0.1% at 30 minutes (Figure 1). Except for 2 patients with high rapid PTH levels after total parathyroidectomy, this assay seemed to change the operative procedure very little.
Use of a rapid intraoperative PTH assay in the surgical management of parathyroid tissue has been reported primarily in primary hyperparathyroidism, either adenoma or hyperplasia. A direct unilateral cervical exploration based on preoperative localization results combined with intraoperative rapid PTH determinations appears to be effective in reducing the possibility of overlooking multiple gland disease, while also minimizing operative time, cost, and potential morbidity.5,7- 11 However debates continue about the use of routine bilateral neck exploration in multiple endocrine neoplasm or secondary hyperparathyroidism.12- 14
We conducted this study of rapid PTH degradation during and after parathyroidectomy to treat secondary hyperparathyroidism to determine the usefulness of this assay during the procedure.
Because an immunochemiluminescent assay machine was not available in the Department of Surgery, Chang Gung Memorial Hospital, Kaohsiung Hsien, Taiwan, we sent blood samples to the Department of Nuclear Medicine for an immunoradiometric assay. The results were available within 30 minutes, and a 30-minute delay in surgery was noted when compared with our previous cases. Because total or subtotal parathyroidectomy is required for successful treatment, one would expect that the 50% decline in PTH levels used in estimating an appropriate therapy response in primary hyperparathyroidism may be inadequate.12,15 Using rapid PTH assays, the average declines in this study were 75.1% ± 6.2% at 10 minutes and 91% ± 0.1% at 30 minutes. Patients, especially those with pruritus, had low PTH levels and symptomatic improvements in the follow-up period. When the last parathyroid gland remained, the average decline in PTH levels was 40% ±
12.7% pg/mL, and the rapid PTH levels were 478 ± 91.9 pg/mL. Ten minutes after the removal of the last gland, the average decline was 75.1% ± 6.2%, and the rapid PTH levels were 176 ± 40.9 pg/mL. Two patients had percentage decreases less than 60% 10 minutes after 4 glands were removed and less than 85% at 30 minutes. We do not know why rapid PTH levels decreased less than 85% at 30 minutes in these 2 patients, yet the final results (at 1 week and 3 months postoperatively) were below normal. The observation that intraoperative PTH levels were variably affected by surgical manipulation is consistent with previously published results.5,12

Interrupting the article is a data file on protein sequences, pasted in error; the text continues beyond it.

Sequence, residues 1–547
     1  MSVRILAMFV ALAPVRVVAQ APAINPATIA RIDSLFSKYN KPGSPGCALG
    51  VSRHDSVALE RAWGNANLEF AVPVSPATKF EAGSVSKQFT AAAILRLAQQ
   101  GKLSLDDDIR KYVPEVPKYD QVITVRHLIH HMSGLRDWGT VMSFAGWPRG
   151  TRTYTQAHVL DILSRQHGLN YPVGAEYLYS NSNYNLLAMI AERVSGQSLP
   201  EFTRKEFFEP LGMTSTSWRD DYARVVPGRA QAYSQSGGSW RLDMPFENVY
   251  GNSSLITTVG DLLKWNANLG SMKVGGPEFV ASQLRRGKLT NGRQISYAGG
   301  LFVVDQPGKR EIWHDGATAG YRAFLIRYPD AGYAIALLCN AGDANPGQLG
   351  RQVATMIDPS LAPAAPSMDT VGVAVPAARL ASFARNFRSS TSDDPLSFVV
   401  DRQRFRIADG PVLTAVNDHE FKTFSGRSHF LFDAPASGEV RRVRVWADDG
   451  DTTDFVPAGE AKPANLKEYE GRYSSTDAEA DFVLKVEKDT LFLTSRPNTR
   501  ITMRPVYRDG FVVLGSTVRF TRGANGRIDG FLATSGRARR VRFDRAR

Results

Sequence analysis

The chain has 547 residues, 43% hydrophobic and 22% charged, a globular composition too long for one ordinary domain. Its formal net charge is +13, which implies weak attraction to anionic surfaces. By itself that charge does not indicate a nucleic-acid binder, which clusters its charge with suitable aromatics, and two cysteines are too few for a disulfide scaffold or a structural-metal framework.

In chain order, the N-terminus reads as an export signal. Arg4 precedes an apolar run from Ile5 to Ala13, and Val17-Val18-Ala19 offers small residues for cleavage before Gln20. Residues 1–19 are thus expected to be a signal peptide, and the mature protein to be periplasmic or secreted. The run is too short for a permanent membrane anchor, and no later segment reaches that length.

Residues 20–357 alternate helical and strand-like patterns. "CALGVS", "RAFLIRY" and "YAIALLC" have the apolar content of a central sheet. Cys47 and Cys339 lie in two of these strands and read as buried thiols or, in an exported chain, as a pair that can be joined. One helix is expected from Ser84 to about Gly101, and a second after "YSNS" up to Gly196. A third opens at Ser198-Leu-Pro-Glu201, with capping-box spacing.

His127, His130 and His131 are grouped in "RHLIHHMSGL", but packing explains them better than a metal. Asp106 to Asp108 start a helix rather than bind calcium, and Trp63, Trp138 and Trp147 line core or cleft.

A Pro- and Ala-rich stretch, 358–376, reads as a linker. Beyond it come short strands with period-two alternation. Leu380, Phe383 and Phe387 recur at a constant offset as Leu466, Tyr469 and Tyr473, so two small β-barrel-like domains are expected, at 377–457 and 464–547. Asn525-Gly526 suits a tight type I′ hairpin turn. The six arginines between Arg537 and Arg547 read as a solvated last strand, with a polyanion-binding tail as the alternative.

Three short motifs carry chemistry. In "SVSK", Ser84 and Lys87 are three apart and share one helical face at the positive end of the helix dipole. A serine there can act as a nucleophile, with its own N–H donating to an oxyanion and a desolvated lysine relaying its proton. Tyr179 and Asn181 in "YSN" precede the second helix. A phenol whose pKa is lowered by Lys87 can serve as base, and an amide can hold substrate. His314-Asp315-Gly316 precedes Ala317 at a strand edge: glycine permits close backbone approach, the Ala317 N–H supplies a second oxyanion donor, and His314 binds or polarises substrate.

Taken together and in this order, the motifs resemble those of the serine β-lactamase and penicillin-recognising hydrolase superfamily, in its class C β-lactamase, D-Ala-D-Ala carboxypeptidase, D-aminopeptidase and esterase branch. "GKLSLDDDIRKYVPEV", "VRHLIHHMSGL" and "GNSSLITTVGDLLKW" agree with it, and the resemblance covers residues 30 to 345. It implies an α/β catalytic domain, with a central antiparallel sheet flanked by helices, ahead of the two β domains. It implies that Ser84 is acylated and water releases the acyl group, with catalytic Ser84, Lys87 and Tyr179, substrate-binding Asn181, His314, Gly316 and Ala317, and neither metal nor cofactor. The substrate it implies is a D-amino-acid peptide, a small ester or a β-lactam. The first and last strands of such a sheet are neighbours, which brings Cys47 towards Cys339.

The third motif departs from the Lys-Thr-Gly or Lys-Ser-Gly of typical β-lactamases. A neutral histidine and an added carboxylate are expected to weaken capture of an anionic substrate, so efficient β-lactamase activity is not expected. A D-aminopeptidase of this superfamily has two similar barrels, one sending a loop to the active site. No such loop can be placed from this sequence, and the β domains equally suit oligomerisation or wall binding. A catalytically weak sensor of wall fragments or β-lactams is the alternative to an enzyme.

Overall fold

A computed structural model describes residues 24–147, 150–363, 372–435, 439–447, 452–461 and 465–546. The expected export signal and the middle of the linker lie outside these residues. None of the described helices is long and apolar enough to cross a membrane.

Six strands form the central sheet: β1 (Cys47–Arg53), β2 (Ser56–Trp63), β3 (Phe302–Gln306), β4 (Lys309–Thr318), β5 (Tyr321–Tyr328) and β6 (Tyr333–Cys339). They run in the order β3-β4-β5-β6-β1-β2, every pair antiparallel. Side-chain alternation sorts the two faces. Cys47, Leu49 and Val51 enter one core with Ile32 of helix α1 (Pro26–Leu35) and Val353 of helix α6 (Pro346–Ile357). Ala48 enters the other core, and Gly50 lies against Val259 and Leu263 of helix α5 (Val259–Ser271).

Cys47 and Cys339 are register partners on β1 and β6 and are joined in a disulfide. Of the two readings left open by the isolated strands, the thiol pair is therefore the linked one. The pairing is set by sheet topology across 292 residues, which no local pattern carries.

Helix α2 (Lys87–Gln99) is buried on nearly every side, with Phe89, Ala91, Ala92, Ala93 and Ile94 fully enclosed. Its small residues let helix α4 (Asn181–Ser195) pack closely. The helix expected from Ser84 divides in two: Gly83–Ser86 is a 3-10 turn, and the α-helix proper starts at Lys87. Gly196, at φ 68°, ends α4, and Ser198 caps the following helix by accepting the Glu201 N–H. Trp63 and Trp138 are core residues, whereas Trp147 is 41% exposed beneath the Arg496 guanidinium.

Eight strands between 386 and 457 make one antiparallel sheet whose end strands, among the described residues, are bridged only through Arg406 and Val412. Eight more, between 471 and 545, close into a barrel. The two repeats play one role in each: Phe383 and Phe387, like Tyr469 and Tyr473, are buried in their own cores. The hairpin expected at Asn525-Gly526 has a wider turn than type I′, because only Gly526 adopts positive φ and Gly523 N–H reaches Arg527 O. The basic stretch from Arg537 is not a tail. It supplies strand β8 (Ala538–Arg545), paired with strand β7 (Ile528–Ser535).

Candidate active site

Both increases and decreases of 50% to 60% were seen. However, we have shown, as a previous report has also shown, that intraoperative PTH levels do decrease significantly (about 84.6%) after total parathyroidectomy.12 Regular iPTH and rapid PTH assays also have shown that 10 minutes after parathyroidectomy is long enough for a final conclusion because of a strong correlation with 30-minute assays. After total parathyroidectomy, a 60% or greater decrease in rapid PTH levels at 10 minutes had an accuracy rate of 91.6% (22 of 24 patients) and a positive predicate rate of 100%. The assay performed 10 minutes after parathyroidectomy is as accurate as that performed at 30 minutes; thus, it can save 20 minutes in the course of an operation. Intraoperative PTH monitoring demonstrates relevant decreases in rapid PTH levels after parathyroidectomy for secondary hyperparathyroidism similar to those previously documented in patients with primary hyperparathyroidism.
Complete surgical removal can be ensured if rapid PTH levels are less than 60% of baseline levels at 10 minutes; then, no more exploration is necessary. This is especially helpful in repeated neck exploration because of previous surgery or when 3 glands are found in the field. If the PTH levels after parathyroidectomy do not decrease by more than 60% at 10 minutes or more than 85% at 30 minutes, a careful exploration should again be carried out. If the remaining glands are still not identified, postoperative localization studies should be conducted.12
Corresponding author and reprints: Fong-Fu Chou, MD, Department of Surgery, Chang Gung Memorial Hospital at Kaoshiung, 123 Ta-Pei Rd, Niao-Sung Hsiang, Kaohsiung Hsien, Taiwan (e-mail: firstname.lastname@example.org).